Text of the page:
Silberschatz, Galvin and Gagne 2002
Least Recently Used (LRU) Algorithm
 Reference string: 1, 2, 3, 4, 1, 2, 5, 1, 2, 3, 4, 5
1
5
2
3
5
4
3
4
 Counter implementation
 Every page entry has a counter; every time page is
referenced through this entry, copy the clock into the
counter.
 When a page needs to be changed, look at the counters to
determine which are to change.
Operating System Concepts
10.22
Silberschatz, Galvin and Gagne 2002
LRU Page Replacement
Operating System Concepts
10.23
Silberschatz, Galvin and Gagne 2002
LRU Algorithm (Cont.)
 Stack implementation – keep a stack of page numbers in
a double link form:
 Page referenced:
 move it to the top
 requires 6 pointers to be changed
 No search for replacement
Operating System Concepts
10.24
Silberschatz, Galvin and Gagne 2002
Use Of A Stack to Record The Most Recent Page References
Operating System Concepts
10.25
Silberschatz, Galvin and Gagne 2002
LRU Approximation Algorithms
 Reference bit
 With each page associate a bit, initially = 0
 When page is referenced bit set to 1.
 Replace the one which is 0 (if one exists). We do not know
the order, however.
 Second chance
 Need reference bit.
 Clock replacement.
 If page to be replaced (in clock order) has reference bit = 1.
then:
 set reference bit 0.
 leave page in memory.
 replace next page (in clock order), subject to same
rules.
Operating System Concepts
10.26
Silberschatz, Galvin and Gagne 2002
Second-Chance (clock) Page-Replacement Algorithm
Operating System Concepts
10.27
Silberschatz, Galvin and Gagne 2002
Counting Algorithms
 Keep a counter of the number of references that have
been made to each page.
 LFU Algorithm: replaces page with smallest count.
 MFU Algorithm: based on the argument that the page
with the smallest count was probably just brought in and
has yet to be used.
Operating System Concepts
10.28
Silberschatz, Galvin and Gagne 2002
Allocation of Frames
 Each process needs minimum number of pages.
 Example: IBM 370 – 6 pages to handle SS MOVE
instruction:
 instruction is 6 bytes, might span 2 pages.
 2 pages to handle from.
 2 pages to handle to.
 Two major allocation schemes.
 fixed allocation
 priority allocation
Operating System Concepts
10.29
Silberschatz, Galvin and Gagne 2002
Fixed Allocation
 Equal allocation – e.g., if 100 frames and 5 processes,
give each 20 pages.
 Proportional allocation – Allocate according to the size of
process.
si  size of process pi
S   si
m  total number of frames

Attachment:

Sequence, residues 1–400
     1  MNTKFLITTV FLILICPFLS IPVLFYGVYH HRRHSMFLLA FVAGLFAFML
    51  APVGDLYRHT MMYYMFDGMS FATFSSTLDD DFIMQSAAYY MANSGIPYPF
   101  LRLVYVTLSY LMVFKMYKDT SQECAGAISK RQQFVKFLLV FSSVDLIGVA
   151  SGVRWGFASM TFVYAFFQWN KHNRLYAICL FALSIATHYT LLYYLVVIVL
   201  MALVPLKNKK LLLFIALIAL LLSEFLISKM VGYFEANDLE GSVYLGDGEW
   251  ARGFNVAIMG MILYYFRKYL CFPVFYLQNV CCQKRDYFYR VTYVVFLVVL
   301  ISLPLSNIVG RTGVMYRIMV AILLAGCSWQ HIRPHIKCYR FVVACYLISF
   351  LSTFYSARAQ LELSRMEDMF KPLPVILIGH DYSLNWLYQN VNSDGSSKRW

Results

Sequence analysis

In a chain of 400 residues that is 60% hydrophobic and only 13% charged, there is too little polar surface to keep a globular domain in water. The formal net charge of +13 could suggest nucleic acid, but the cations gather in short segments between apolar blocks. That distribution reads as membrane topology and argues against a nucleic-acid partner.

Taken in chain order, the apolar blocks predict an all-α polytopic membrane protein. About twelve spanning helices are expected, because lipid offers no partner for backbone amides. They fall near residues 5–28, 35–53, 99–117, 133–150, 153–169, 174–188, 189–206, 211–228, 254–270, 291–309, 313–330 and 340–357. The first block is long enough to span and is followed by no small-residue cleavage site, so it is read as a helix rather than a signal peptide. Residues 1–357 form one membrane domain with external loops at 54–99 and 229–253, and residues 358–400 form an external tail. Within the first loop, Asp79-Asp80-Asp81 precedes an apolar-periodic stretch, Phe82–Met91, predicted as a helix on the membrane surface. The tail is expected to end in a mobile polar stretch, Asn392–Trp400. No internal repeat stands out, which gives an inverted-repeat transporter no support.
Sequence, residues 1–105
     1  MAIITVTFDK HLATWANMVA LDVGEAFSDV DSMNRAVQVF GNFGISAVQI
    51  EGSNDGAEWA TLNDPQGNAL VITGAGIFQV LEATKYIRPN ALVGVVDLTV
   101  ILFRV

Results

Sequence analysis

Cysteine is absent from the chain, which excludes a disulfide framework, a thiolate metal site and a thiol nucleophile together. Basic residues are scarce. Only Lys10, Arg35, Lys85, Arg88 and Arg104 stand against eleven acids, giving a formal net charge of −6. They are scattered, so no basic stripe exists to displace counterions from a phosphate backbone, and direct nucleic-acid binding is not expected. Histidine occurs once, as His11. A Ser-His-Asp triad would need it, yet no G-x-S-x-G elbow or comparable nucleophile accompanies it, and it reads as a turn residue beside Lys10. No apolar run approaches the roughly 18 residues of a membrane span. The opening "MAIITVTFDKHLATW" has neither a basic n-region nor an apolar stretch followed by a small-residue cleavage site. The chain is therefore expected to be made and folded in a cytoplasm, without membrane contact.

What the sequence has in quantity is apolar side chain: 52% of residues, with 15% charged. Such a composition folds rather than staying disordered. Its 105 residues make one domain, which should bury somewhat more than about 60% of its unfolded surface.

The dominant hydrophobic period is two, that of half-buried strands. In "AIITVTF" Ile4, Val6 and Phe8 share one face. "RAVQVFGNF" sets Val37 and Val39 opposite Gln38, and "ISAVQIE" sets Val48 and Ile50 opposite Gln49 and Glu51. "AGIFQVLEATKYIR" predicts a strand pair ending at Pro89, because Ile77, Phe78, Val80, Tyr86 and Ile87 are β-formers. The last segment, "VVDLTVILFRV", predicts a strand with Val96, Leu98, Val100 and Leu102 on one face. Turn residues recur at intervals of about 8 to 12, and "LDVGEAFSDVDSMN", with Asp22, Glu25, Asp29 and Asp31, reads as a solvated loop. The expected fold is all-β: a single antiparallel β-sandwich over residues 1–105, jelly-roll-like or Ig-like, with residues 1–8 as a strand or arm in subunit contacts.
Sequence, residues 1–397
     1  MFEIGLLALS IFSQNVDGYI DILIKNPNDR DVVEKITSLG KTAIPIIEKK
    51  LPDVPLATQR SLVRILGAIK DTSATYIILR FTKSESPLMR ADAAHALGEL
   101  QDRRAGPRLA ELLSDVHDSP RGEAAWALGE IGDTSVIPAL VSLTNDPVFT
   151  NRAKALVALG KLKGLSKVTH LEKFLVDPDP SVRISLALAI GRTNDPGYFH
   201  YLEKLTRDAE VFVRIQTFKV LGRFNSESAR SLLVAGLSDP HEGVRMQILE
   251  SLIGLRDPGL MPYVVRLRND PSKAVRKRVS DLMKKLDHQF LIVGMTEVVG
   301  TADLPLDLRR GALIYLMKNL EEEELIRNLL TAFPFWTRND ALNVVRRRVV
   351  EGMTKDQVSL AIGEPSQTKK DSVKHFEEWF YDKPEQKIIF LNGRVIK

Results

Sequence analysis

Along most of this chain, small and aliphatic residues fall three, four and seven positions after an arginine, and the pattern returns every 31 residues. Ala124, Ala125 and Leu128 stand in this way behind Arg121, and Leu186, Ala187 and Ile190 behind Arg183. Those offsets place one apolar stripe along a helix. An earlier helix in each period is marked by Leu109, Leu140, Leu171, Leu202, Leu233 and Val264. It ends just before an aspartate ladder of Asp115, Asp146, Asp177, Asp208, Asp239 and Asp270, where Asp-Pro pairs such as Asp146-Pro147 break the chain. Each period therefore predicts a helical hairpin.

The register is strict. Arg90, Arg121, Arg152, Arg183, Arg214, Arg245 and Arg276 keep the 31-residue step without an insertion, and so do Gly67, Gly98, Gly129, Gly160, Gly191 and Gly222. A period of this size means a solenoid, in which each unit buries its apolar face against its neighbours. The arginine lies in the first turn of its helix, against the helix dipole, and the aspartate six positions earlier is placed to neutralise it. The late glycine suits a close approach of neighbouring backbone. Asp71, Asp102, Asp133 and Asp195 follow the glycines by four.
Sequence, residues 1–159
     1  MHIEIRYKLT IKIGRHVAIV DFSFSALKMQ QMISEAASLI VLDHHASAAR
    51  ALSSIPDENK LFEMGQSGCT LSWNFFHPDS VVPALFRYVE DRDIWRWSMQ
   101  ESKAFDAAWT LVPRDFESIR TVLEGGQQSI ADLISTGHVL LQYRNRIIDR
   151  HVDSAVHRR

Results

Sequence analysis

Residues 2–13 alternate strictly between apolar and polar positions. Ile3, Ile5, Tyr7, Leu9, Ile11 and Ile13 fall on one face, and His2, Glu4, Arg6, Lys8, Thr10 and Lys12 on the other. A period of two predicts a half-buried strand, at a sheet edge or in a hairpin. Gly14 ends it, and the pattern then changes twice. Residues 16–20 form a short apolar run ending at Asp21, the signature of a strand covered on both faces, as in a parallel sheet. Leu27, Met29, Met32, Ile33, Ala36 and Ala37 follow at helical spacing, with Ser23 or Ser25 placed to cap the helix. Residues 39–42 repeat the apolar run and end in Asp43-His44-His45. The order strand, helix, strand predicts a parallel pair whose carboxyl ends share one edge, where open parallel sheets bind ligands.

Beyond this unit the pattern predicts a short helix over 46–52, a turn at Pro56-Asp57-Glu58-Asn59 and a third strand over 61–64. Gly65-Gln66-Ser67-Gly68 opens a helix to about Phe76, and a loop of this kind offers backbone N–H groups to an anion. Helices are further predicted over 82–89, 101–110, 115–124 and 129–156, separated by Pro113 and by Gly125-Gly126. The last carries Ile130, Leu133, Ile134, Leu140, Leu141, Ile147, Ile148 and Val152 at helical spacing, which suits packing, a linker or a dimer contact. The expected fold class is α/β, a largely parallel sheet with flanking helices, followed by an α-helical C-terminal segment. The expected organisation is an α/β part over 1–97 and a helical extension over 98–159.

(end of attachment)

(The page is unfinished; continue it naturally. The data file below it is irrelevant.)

s
ai  allocation for pi  i  m
S
m  64
si  10
s2  127
10
 64  5
137
127
a2 
 64  59
137
a1 
Operating System Concepts
10.30
Silberschatz, Galvin and Gagne 2002
Priority Allocation
 Use a proportional allocation scheme using priorities
rather than size.
 If process Pi generates a page fault,
 select for replacement one of its frames.
 select for replacement a frame from a process with lower
priority number.
Operating System Concepts
10.31
Silberschatz, Galvin and Gagne 2002
Global vs. Local Allocation
 Global replacement – process selects a replacement
frame from the set of all frames; one process can take a
frame from another.
 Local replacement – each process selects from only its
own set of allocated frames.
Operating System Concepts
10.32
Silberschatz, Galvin and Gagne 2002
Thrashing
 If a process does not have “enough” pages, the page-
fault rate is very high. This leads to:
 low CPU utilization.
 operating system thinks that it needs to increase the degree
of multiprogramming.
 another process added to the system.
 Thrashing  a process is busy swapping pages in and
out.
Operating System Concepts
10.33
Silberschatz, Galvin and Gagne 2002
Locality In A Memory-Reference Pattern
Operating System Concepts
10.34
Silberschatz, Galvin and Gagne 2002
Working-Set Model
   working-set window  a fixed number of page
references
Example: 10,000 instruction
 WSSi (working set of Process Pi) =
total number of pages referenced in the most recent 
(varies in time)
 if  too small will not encompass entire locality.
 if  too large will encompass several localities.
 if  =   will encompass entire program.
 D =  WSSi  total demand frames
 if D > m  Thrashing
 Policy if D > m, then suspend one of the processes.
Operating System Concepts
10.35
Silberschatz, Galvin and Gagne 2002
Working-set model
Operating System Concepts
10.36
Silberschatz, Galvin and Gagne 2002
Keeping Track of the Working Set
 Approximate with interval timer + a reference bit
 Example:  = 10,000
 Timer interrupts after every 5000 time units.
 Keep in memory 2 bits for each page.
 Whenever a timer interrupts copy and sets the values of all
reference bits to 0.
 If one of the bits in memory = 1  page in working set.
 Why is this not completely accurate?
 Improvement = 10 bits and interrupt every 1000 time
units.
Operating System Concepts
10.37
Silberschatz, Galvin and Gagne 2002
Page-Fault Frequency Scheme
 Establish “acceptable” page-fault rate.
 If actual rate too low, process loses frame.
 If actual rate too high, process gains frame.
Operating System Concepts
10.38
Silberschatz, Galvin and Gagne 2002